# Decomposition methods and rolling horizon approach for the yard crane scheduling problem

Decomposition methods and rolling horizon approach for the yard crane scheduling problem

Author Contributor Faculty Department Programme Date2015-05-08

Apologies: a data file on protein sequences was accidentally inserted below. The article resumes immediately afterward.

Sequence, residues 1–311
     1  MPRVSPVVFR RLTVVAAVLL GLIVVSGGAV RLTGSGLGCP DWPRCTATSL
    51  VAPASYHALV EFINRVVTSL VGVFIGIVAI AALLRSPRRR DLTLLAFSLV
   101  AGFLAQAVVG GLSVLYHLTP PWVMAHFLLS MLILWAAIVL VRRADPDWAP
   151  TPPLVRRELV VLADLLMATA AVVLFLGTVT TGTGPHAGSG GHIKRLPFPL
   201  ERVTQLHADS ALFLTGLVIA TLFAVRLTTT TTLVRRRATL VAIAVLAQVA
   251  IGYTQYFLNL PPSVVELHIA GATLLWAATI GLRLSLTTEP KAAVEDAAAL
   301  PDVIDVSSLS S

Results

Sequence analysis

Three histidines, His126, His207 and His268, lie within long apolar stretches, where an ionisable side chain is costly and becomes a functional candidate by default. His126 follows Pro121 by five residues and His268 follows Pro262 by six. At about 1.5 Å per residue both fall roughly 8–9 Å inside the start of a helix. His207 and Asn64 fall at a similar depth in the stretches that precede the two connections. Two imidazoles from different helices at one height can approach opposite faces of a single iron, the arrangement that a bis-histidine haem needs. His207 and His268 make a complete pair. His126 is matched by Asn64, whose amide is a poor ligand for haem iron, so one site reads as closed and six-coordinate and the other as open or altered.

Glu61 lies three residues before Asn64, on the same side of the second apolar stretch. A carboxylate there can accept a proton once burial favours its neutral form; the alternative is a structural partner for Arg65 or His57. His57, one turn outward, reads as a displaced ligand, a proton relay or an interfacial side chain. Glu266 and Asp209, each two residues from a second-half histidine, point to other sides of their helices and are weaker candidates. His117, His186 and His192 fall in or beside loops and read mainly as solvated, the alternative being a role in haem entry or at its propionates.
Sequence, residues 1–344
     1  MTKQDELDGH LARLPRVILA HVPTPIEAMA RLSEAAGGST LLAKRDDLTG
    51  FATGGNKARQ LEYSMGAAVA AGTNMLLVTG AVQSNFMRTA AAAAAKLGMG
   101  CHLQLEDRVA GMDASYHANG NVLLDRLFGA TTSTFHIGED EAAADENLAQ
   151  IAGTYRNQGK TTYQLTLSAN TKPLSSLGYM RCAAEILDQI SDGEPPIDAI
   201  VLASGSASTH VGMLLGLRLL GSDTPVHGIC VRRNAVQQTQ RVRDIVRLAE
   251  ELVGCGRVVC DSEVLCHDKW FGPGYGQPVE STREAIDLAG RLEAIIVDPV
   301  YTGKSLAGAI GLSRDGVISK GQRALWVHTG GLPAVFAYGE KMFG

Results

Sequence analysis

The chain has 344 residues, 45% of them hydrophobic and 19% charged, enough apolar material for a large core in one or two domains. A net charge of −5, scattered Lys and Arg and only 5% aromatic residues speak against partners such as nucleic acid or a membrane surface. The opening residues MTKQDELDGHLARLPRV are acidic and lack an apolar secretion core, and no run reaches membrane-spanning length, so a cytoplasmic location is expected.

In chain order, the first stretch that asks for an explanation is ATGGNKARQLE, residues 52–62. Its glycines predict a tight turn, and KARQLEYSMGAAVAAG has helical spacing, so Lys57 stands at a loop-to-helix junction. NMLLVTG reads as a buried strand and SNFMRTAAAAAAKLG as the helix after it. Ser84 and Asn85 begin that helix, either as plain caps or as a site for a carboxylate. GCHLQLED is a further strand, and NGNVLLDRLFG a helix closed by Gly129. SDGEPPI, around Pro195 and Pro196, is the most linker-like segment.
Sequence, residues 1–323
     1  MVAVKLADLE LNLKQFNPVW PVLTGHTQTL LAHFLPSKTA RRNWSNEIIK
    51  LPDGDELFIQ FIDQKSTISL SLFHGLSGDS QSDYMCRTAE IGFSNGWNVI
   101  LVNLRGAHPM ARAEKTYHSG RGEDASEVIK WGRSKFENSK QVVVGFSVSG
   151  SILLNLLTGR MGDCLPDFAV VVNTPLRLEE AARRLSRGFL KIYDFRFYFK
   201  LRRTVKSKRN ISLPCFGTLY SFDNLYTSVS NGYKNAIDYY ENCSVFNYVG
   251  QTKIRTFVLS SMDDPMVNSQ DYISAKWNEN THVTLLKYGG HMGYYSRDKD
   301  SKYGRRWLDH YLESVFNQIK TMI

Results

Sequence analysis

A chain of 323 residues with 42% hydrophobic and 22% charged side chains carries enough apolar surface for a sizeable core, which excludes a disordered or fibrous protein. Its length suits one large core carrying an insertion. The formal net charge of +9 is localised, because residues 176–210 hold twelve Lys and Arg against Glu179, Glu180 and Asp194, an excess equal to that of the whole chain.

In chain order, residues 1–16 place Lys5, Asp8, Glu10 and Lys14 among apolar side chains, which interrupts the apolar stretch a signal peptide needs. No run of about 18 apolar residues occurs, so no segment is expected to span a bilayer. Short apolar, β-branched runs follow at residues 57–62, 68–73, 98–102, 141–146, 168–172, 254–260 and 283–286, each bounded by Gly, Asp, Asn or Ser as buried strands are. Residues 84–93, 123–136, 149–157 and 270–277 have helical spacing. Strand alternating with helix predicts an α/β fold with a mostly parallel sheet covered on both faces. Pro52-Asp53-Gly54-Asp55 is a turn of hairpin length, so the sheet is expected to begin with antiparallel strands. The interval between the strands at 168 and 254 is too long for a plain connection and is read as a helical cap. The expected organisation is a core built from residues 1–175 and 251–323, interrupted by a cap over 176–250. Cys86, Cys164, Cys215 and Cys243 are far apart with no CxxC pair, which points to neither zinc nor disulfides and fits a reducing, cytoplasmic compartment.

AbstractYard crane scheduling is one of the operational optimization problems that arise in a port container terminal. Multiple cranes have to store containers in the yard or retrieve containers from the yard. The scheduling of these cranes is complex and it is difficult to find an optimal schedule within limited computation time. In this thesis multiple mixed integer programming formulations are introduced that can be used to model the yard crane scheduling problem. The first formulation fixes zones for a certain planning window. Yard cranes are assigned an individual zone and these zones are non-overlapping. The second model uses a time discretization. We assume that yard cranes can handle 1 job in each time interval of 3 minutes. Working zones for the yard cranes can overlap, but not in the same or subsequent time intervals. Decomposition methods are used to reduce the problem complexity and reduce computation times. A logic-based Benders decomposition is used for the first model were the assignment of cranes to jobs is done separately from finding an optimal path for the yard cranes individually. Iterating between those problems can reduce computation times when the number of iterations is small. After decomposition, the size of these partial problems is much smaller than the size of the problem before decomposition. Some additional lower bound procedures are introduced to further speed up computation. A lower bound procedure can identify and exclude an assignment that will lead to a bad schedule in an early stage. When the problem instances are large enough, logic-based Benders decomposition showed a reduction in computation times. The problem is modeled in a rolling horizon fashion and time decomposition is introduced to again reduce computation times. Instead of trying to solve the problem for one long time period, this time period is split into two or more small time intervals. These intervals are solved separately where connection between them is solved by iterating between those individual time intervals. The rolling horizon reflects the practice in container terminals better since business goes on the entire day and operational decisions are made continuously, over a limited time horizon. By scheduling for a certain time period ahead, schedules can be made online without using all data available in the future. This keeps the computation times limited since scheduling a whole day at once would be too computationally expensive. The arrival times of jobs at the yard are not deterministic. Exact arrival times of trucks at the yard are hard to predict. Therefore some stochastic models are desirable. In this thesis we introduce uncertain arrival times of trucks at the gate of the terminal. Exact arrival times are only known a few minutes ahead while other arrival times follow an exponential distribution. We solve this model using expected values of the arrival times as well as by simulating possible scenarios.

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